The Exeter Initiative for Statistics and its Applications (ExIStA) held a series of member presentations at the University Exeter on Thursday 5th May.
The event comprised talks from four speakers on a variety of different themes, with Lucy Knight from Devon County Council, co-founder of the Open Data Institute Devon Node, kicking off the proceedings. Lucy talked about the challenges faced with realising the potential benefits of open data and how Devon County Council are championing the drive to open up access to datasets from the county and generate meaningful insights from these data.
Next we heard from Laura Dawkins who recently completed her PhD viva in the Exeter Climate Systems group at the University of Exeter – congratulations Laura! Her research included an investigation of decreases in losses (i.e., insurance claims) due to European windstorms. She explained how storms have been weaker and therefore less damaging in recent years and that this is likely due to a change in the North Atlantic Oscillation – a weather phenomenon characterised by a north-south shift in the track of storms across the North Atlantic Ocean and into Europe. This work has recently been submitted for publication in the journal Natural Hazards and Earth System Sciences: The 21st Century Decline in Damaging European Windstorms.
Tim Paulden, Innovation & Development Manager at ATASS Sports, gave us an insight into how statistical models can potentially be used to detect match-fixing in tennis. By utilising in-play data on the betting market odds and comparing this with the “expected” match win probability under normal circumstances throughout the match, Tim explained how discrepancies might be used to highlight suspicious market movements and therefore potential betting irregularities. ATASS have recently funded a PhD student to look into this area in more detail over the next three years.
Last but not least, Kate Martin, a medical statistician from NHS Blood and Transplant, presented some fascinating research into the effect of out-of-hours transplantation on liver transplant outcomes. Using data from across the seven liver transplant centres in the UK, over fourteen years, survival was compared for weekday versus weekend transplants, and for daytime versus night-time transplants. Accounting for various clinically-advised, potential confounders, somewhat surprisingly there was evidence of a positive weekend effect, i.e., weekend transplants were found to be beneficial to graft and transplant survival at 30 days for liver recipients. No evidence was found for a difference in survival between daytime versus night-time transplants. Potential explanations for the weekend effect were discussed including, the possibility of better post-transplant care on a well-staffed ward early in the week; centres being risk-adverse at weekends; and there being fewer routine elective commitments and lower levels of routine and complex work undertaken within theatres and intensive care units for staff to deal with on weekends.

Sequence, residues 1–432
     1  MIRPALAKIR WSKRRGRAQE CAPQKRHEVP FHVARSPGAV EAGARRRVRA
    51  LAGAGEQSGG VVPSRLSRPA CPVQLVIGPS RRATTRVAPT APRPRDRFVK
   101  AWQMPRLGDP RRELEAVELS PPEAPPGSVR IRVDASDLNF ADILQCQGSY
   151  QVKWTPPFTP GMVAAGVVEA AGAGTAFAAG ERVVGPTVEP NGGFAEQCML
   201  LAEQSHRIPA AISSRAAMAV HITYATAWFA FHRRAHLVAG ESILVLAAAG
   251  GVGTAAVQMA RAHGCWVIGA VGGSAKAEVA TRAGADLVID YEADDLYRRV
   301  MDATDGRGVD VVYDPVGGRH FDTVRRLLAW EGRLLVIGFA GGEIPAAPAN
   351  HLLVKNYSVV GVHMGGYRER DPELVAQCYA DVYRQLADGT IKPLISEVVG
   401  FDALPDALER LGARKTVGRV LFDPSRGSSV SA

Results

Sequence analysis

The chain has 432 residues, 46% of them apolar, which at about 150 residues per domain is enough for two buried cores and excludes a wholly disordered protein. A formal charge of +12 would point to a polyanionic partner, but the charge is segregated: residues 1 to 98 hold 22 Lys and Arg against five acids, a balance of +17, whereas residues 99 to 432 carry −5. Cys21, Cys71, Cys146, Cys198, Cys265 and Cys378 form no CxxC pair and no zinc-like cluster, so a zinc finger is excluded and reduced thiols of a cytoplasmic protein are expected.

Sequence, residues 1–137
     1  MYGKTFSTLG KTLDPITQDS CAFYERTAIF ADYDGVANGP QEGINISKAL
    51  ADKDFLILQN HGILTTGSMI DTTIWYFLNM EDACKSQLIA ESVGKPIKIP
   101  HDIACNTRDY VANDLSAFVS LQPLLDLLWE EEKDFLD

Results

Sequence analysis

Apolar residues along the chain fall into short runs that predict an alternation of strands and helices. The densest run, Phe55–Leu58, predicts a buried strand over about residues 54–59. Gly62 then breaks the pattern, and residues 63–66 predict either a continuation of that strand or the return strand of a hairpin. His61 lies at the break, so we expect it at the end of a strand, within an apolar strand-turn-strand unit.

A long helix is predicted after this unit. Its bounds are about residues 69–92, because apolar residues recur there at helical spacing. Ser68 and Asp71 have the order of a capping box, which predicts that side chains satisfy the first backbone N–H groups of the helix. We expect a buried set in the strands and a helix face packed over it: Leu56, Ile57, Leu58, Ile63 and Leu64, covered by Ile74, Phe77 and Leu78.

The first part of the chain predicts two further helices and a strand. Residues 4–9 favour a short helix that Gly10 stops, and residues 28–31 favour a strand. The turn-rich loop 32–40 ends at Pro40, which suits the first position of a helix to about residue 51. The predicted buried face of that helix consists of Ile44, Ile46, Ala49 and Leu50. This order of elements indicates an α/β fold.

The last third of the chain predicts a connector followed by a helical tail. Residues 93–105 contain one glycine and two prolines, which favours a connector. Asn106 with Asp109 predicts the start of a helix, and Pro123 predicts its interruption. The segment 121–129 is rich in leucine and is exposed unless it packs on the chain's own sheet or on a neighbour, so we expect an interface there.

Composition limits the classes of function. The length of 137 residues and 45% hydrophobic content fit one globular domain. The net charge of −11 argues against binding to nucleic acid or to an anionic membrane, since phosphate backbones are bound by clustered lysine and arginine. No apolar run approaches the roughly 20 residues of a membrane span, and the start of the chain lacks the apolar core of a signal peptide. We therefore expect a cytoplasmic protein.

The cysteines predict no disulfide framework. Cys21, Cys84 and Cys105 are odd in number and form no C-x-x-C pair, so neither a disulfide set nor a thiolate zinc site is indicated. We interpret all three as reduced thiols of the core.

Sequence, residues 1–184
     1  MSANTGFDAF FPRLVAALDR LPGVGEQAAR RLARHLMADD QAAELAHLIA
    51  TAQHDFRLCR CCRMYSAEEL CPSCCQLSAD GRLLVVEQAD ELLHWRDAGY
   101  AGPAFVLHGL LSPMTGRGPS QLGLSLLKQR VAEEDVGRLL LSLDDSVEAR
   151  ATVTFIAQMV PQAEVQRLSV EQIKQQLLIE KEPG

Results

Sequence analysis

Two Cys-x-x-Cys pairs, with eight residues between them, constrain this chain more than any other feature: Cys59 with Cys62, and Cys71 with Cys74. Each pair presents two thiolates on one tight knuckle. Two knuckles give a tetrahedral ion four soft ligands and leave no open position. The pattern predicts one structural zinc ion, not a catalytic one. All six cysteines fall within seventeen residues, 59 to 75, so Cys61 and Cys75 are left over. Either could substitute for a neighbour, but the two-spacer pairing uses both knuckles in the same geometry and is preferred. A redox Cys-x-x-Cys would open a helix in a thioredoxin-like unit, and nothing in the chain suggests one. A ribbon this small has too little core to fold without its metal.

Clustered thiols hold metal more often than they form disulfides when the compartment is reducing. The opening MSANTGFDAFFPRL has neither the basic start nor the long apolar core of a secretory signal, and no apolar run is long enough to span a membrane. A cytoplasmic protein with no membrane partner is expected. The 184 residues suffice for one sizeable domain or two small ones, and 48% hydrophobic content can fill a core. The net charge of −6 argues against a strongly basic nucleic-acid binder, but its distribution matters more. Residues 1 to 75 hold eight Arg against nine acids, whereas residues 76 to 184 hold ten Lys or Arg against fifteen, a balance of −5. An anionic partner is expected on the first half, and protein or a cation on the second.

The diversity of the talks once again highlighted the variety of areas in which statistics are being used within local public and private sector organisations. We rounded off the event with tea and cake and it was great to see so many people taking the opportunity to network with other ExIStA members.
Look out for details of future events on the ExIStA website.